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Toronto Blue Jays third baseman Josh Donaldson (left) scores the winning run past Texas Rangers catcher Jonathan Lucroy (right) in the 10th inning during game three of the 2016 ALDS playoff baseball series at Rogers Centre. (Nick Turchiaro/USA Today Sports)
Toronto Blue Jays third baseman Josh Donaldson (left) scores the winning run past Texas Rangers catcher Jonathan Lucroy (right) in the 10th inning during game three of the 2016 ALDS playoff baseball series at Rogers Centre. (Nick Turchiaro/USA Today Sports)

Blue Jays win on broken play in 10th to advance in MLB postseason Add to ...

The Toronto Blue Jays did not exactly roll into the 2016 playoffs in like a runaway train as they did a year ago when they won the American League East going away.

This time around, they sort of backed into it, not clinching a wild card playoff berth until the final day of the 162-game regular season and then being forced to win a one-game showdown in order to move on.

But something about all the adversity the team has had to endure ignited a fire – that has quickly developed into a three-alarm blaze.

“We turned the page on September,” is the way Toronto manager John Gibbons phrased it as the Blue Jays juggernaut continues to roll along unchecked.

The Blue Jays desposed of the Texas Rangers 7-6 in 10 innings on Sunday night at rocking Rogers Centre, where the majority of the 49,000-plus wildly enthusiastic fans must have screamed themselves hoarse in the process.

With the win, the Blue Jays earned a convincing 3-0 sweep in the best-of-five AL Division Series.

Toronto will now head back into their second consecutive AL Championship Series that will begin Friday in either Boston or Cleveland.

With the score knotted at 6-6, Josh Donaldson started the winning rally, stroking a lead-off double off Matt Bush, who was into his third inning of relief for Texas.

Bush then gave an intentional walk to Edwin Encarnacion to set up the double play.

With one out, Russell Martin – who homered back in the first inning – drove a 3-2 ground ball to Elvis Andrus, the Texas shotstop, with what looked to be a perfect double-play ball.

Andrus relayed to Rougned Odor for the first out but Odor’s relay to Mitch Moreland at first was in the dirt and the ball squirted away. Odor was given an error on the play.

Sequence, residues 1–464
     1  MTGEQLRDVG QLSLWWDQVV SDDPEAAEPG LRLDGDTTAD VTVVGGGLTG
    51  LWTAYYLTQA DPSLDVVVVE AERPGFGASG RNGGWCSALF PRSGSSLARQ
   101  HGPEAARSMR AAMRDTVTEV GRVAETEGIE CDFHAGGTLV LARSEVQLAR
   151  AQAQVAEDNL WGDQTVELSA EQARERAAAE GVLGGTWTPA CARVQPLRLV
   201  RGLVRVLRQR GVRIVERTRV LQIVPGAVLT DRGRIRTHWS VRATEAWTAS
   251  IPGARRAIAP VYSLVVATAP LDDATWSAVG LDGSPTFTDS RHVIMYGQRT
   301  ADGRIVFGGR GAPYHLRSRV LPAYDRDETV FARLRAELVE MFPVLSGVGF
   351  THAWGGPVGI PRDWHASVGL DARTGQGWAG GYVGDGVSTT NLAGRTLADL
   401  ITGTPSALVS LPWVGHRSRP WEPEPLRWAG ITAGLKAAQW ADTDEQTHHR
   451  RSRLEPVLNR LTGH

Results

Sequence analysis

The allowed just enough time for Josh Donaldson to continue to scamper all the way home and he scored the winning walk off run in a headfirst slide that set off a wild celebration among the Toronto players on the field.

It was a game where the momentum swung like a mighty pendulum, carrying the fans on an emotional roller coaster ride right down to the final out.

The Rangers corralled their first lead – of not only the game but in the series – in the first inning where Carlos Gomez earned a leadoff walk and would come around to score on a groundout by Carlos Beltran.

Aaron Sanchez, the Toronto starter, struggled with his control in the inning with only five of his 14 pitches counting for strikes.

Toronto responded quickly, in their half of the inning when Encarnacion pounded his fourth home run of the playoffs into the first deck in left field, a two-run shot that moved Toronto in front 2-1.

Two batters later, Russell Martin ended a 0-for-11 playoff hitless steak in fine style when he pounded a fat offering from Colby Lewis, the dazed Texas starter, into the stands for another Toronto home run and a 3-1 lead.

A home run by Elvis Andrus in the third inning, the first for Texas in the playoff, trimmed the lead to 3-2, but the Blue Jays responded quickly once again.

In the bottom of the third, a Josh Donaldson ground-rule double down the right field line scored Ezequiel Carrera. And then Encarnacion drove in his third run of the game with a single to centre that potted Donaldson, and Toronto’s lead was 5-2.

That was it for Lewis, who was staggered for five runs off five hits over two-plus innings of sub-standard work.

Normally a three-run lead would feel secure in the hands of Sanchez, the AL’s earned run leader over the course of the regular season. But the Rangers were intent on making the secure insecure.

In the fourth, after a leadoff walk by Carlos Beltran, Rougned Odor stepped into the batter’s box for the Rangers to a huge chorus of jeers by the fans.

Reviled in these parts for socking Blue Jays star Jose Bautista in the jaw earlier this season, Odor effectively silenced the gathering when he lined a Sanchez pitch over the wall in centre, a two-run job that one again trimmed Toronto’s lead to one.

Sanchez would exit the game with two out in the sixth inning and two on for Joe Biagini.

Biagini would surrender a double by Mitch Moreland that brought in both base runners to give the Rangers a 6-5 lead.

On the night, Sanchez gave up six runs off just three hits – the two home runs obviously factoring big.

This time it was the Blue Jays turn to scrap their way back, and they did it in unusual fashion with Troy Tulowitzki loping in from third base with the bases loaded in the sixth inning on a Jonathan Lucroy passed ball.

That knotted things up at 6-6.

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